You can install this plugin using Vundle by using the path on GitHub for this repository.

Plugin 'w0rp/ale'

See the Vundle documentation for more information.

3.iii. Manual Installation

For installation without a package manager, you can clone this git repository into a bundle directory as with pathogen, and add the repository to your runtime path yourself. First clone the repository.

cd ~/.vim/bundle
git clone

Then, modify your ~/.vimrc file to add this plugin to your runtime path.

set nocompatible
filetype off

let &runtimepath.=',~/.vim/bundle/ale'

filetype plugin on

You can add the following line to generate documentation tags automatically, if you don't have something similar already, so you can use the :help command to consult ALE's online documentation:

silent! helptags ALL

Because the author of this plugin is a weird nerd, this is his preferred installation method.

4. Contributing

If you would like to see support for more languages and tools, please create an issue or create a pull request. If your tool can read from stdin or you have code to suggest which is good, support can be happily added for it.

If you are interested in the general direction of the project, check out the wiki home page. The wiki includes a Roadmap for the future, and more.

5. FAQ

5.i. How do I disable particular linters?

By default, all available tools for all supported languages will be run. If you want to only select a subset of the tools, simply create a g:ale_linters dictionary in your vimrc file mapping filetypes to lists of linters to run.

let g:ale_linters = {
\   'javascript': ['eslint'],

For all languages unspecified in the dictionary, all possible linters will be run for those languages, just as when the dictionary is not defined. Running many linters should not typically obstruct editing in Vim, as they will all be executed in separate processes simultaneously.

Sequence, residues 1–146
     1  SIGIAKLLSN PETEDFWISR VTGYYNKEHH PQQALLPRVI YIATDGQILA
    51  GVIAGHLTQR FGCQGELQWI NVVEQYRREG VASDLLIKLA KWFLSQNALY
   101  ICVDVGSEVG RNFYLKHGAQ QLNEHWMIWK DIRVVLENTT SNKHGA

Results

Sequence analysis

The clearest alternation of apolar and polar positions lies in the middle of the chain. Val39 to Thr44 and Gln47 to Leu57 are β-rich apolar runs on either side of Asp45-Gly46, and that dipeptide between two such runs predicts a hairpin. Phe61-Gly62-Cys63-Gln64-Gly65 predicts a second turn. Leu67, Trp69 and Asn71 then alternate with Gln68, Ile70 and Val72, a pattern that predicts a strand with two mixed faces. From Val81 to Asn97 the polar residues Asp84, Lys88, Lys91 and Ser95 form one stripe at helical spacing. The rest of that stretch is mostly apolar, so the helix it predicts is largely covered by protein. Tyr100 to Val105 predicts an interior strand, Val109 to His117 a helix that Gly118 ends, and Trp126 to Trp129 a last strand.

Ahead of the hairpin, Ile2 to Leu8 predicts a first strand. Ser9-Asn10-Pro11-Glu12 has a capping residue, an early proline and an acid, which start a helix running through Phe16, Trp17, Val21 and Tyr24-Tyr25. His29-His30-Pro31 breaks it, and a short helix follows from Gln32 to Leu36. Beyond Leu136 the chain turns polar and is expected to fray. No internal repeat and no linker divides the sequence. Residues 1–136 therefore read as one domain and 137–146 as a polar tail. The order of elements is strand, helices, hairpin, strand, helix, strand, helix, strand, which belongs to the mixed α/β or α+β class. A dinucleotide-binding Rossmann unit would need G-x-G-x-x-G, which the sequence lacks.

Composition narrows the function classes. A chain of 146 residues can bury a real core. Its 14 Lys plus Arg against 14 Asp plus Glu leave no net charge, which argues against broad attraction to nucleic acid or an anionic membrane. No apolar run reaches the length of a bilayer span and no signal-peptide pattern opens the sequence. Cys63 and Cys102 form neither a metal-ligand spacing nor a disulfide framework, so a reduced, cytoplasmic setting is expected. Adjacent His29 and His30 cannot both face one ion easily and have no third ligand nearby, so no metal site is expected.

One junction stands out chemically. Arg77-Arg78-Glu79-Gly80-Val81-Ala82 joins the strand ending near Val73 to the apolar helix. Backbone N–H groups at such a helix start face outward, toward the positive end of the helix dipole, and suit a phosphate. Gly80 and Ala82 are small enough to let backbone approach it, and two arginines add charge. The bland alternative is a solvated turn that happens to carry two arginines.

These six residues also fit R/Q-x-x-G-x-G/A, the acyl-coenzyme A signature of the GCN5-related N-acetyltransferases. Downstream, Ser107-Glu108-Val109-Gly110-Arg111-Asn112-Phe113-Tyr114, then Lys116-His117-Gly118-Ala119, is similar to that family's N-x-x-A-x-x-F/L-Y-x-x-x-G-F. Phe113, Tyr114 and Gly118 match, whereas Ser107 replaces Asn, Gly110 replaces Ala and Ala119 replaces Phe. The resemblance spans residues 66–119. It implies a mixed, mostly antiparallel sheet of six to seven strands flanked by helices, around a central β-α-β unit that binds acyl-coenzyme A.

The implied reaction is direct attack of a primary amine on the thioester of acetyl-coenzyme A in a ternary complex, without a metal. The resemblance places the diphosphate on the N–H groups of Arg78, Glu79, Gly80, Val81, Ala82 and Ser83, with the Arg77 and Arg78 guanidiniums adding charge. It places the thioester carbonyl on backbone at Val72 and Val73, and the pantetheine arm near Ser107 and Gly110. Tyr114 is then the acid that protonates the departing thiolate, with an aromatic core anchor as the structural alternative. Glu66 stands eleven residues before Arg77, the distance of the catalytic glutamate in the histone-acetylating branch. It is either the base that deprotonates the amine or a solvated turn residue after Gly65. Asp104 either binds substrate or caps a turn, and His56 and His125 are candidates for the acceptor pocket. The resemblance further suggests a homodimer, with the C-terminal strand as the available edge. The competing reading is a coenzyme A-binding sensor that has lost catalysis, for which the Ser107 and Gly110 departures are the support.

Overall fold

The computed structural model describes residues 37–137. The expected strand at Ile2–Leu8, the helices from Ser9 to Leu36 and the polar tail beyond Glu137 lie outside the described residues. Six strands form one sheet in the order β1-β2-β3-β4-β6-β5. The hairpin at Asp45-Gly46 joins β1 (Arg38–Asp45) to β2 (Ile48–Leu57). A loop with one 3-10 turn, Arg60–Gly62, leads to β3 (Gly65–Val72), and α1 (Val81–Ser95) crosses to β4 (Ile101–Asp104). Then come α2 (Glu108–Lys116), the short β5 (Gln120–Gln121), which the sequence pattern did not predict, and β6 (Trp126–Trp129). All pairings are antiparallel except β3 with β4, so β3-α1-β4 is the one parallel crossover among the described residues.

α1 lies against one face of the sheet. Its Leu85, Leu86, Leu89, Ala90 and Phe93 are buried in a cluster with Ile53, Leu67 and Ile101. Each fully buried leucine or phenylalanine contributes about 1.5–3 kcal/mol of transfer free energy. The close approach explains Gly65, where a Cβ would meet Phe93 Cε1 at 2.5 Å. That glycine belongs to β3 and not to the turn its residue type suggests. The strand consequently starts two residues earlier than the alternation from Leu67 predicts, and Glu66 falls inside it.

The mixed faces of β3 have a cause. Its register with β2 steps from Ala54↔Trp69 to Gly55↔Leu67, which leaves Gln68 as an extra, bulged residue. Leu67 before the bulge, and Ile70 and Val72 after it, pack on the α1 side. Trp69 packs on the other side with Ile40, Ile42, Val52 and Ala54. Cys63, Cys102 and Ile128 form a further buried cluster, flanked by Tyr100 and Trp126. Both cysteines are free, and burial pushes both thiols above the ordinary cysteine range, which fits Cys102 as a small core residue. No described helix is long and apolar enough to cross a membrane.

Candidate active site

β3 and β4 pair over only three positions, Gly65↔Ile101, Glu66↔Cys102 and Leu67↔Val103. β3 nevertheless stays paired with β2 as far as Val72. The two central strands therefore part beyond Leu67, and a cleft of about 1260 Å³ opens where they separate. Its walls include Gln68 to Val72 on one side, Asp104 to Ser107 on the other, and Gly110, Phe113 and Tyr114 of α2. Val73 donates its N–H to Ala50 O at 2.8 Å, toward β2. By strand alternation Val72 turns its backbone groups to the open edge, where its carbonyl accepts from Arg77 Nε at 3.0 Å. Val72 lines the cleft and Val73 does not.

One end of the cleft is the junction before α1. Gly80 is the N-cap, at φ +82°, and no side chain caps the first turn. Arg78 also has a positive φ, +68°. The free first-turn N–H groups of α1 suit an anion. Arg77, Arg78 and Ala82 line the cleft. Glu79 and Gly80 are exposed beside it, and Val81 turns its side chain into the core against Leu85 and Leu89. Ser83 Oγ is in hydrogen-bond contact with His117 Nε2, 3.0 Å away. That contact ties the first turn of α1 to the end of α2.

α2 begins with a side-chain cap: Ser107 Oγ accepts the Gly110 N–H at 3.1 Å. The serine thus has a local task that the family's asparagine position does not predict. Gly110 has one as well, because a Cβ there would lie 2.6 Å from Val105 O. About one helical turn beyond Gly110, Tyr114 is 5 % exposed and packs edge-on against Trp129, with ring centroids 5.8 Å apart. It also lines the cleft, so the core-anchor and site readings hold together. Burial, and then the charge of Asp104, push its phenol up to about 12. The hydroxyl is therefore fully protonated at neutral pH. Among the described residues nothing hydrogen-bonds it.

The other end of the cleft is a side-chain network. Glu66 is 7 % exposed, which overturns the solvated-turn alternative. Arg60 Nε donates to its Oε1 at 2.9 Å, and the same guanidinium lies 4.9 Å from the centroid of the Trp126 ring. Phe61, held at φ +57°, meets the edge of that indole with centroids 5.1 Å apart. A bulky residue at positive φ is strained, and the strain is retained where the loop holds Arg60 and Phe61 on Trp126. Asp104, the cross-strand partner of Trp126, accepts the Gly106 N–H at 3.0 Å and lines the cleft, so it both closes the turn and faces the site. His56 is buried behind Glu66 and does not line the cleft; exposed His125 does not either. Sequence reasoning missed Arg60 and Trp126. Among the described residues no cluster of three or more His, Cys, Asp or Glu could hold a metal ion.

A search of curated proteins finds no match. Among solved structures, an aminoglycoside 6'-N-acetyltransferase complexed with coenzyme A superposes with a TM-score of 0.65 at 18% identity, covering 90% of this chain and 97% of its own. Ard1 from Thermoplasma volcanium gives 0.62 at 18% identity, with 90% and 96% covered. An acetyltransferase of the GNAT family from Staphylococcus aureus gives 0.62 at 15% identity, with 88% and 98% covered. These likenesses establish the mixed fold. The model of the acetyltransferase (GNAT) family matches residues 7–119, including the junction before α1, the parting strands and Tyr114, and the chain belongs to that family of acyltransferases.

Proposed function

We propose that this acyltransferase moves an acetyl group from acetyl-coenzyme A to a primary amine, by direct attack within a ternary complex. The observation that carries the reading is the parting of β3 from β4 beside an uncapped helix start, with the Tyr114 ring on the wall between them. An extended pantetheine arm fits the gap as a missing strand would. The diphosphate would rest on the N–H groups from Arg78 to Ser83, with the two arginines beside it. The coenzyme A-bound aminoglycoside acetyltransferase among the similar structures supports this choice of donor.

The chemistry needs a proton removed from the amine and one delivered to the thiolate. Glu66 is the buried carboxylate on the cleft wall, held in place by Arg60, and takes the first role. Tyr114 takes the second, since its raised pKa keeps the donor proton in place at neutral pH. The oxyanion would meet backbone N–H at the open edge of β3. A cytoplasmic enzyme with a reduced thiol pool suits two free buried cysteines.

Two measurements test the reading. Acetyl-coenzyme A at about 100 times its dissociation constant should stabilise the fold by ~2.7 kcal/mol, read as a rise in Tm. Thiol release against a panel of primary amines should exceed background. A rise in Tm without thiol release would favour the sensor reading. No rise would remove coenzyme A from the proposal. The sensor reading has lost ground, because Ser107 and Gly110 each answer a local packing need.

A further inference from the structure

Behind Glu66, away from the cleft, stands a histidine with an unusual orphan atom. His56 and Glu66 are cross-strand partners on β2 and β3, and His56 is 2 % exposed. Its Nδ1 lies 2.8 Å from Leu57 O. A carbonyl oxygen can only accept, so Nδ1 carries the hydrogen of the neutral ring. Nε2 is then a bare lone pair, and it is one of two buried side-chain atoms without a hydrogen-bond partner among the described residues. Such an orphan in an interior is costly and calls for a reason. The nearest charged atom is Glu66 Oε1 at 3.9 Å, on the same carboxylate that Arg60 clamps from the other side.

This plugin will look for linters in the ale_linters directory. Each directory within corresponds to a particular filetype in Vim, and each file in each directory corresponds to the name of a particular linter.

5.ii. How can I keep the sign gutter open?

You can keep the sign gutter open at all times by setting the g:ale_sign_column_always to 1

let g:ale_sign_column_always = 1

5.iii. How can I change the signs ALE uses?

Use these options to specify what text should be used for signs:

let g:ale_sign_error = '>>'
let g:ale_sign_warning = '--'

ALE sets some background colors automatically for warnings and errors in the sign gutter, with the names ALEErrorSign and ALEWarningSign. These colors can be customised, or even removed completely:

highlight clear ALEErrorSign
highlight clear ALEWarningSign

5.iv. How can I show errors or warnings in my statusline?

You can use ALEGetStatusLine() to integrate ALE into vim statusline. To enable it, you should have in your statusline settings


When errors are detected a string showing the number of errors will be shown. You can customize the output format using the global list g:ale_statusline_format where:

  • The 1st element is for errors
  • The 2nd element is for warnings
  • The 3rd element is for when no errors are detected


let g:ale_statusline_format = ['⨉ %d', '⚠ %d', '⬥ ok']

Statusline with issues Statusline with no issues

5.v. How can I change the format for echo messages?

There are 3 global options that allow customizing the echoed message.

  • g:ale_echo_msg_format where:
    • %s is the error message itself
    • %linter% is the linter name
    • %severity is the severity type
  • g:ale_echo_msg_error_str is the string used for error severity.
  • g:ale_echo_msg_warning_str is the string used for warning severity.

So for example this:

let g:ale_echo_msg_error_str = 'E'
let g:ale_echo_msg_warning_str = 'W'
let g:ale_echo_msg_format = '[%linter%] %s [%severity%]'

Will give you:

Echoed message How can I execute some code when ALE stops linting?